Consortium on Climate Risk in the Urban Northeast (CCRUN)
CCRUN Annual Report 2018
(Period of Performance: 6/1/17 - 5/31/18)
CCRUN Briefing Sheet (2017)
Mission & Vision
The Consortium for Climate Risk in the Urban Northeast (CCRUN) serves stakeholder needs in assessing and managing risks from climate variability and change. It is currently also the only RISA team with a principal focus on climate change adaptation in urban settings. As such, CCRUN is designed to address the complex challenges that are associated with densely populated, highly interconnected urban areas, such as urban heat island effects; poor air quality; intense coastal development, and multifunctional settlement along inland waterways; complex overlapping institutional jurisdictions; integrated infrastructure systems; and highly diverse, and in some cases, fragile socio-economic communities.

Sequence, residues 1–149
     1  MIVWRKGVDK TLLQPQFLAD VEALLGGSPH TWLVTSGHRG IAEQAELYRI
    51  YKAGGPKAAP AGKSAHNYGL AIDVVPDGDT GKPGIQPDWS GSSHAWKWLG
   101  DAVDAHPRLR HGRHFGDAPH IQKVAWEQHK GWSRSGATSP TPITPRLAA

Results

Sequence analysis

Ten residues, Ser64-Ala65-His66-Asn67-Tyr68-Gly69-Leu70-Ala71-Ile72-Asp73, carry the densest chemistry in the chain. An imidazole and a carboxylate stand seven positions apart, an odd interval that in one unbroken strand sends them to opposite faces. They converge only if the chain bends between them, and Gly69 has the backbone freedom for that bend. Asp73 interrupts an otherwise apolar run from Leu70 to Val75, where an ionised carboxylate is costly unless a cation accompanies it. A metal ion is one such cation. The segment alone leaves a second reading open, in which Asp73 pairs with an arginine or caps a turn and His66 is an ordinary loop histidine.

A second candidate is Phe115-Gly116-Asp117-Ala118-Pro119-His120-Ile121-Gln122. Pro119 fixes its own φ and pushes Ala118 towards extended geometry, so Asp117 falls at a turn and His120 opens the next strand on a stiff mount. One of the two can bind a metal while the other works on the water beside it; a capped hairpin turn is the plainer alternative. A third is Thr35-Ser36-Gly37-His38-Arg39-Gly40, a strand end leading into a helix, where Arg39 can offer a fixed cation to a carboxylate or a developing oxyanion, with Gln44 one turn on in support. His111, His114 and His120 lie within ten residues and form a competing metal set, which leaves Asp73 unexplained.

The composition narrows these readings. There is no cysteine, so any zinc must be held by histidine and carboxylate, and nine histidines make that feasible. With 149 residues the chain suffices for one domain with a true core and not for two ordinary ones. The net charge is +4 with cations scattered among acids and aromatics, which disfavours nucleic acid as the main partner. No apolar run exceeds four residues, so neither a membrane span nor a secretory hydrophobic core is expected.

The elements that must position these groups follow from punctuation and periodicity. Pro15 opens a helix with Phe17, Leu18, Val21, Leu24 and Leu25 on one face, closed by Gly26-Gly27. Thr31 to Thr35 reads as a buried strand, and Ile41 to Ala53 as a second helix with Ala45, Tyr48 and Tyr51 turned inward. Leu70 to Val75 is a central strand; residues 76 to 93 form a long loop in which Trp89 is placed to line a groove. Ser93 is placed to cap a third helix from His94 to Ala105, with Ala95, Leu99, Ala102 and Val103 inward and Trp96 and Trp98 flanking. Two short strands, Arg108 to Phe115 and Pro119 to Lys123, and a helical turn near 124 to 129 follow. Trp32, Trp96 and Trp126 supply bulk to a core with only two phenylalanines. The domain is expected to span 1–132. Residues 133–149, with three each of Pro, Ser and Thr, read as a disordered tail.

CCRUN's projects are focused in three broad sectors: Water, Coasts, and Health. Research in each of these sectors is linked through the cross-cutting themes of climate change and community vulnerability, the latter of which is especially important in considerations of environmental justice and equity. CCRUN's stakeholder-driven approach to research can therefore support investigations of the impacts of a changing climate, population growth, and urban and economic policies on the social, racial, and ethnic dimensions of livelihoods and of communities in the urban Northeast. Disadvantaged socio-economic groups have been particularly underserved in the area of climate change, and one of CCRUN's long-term goals is the building of adaptive capacity among such groups to current and future climate extremes.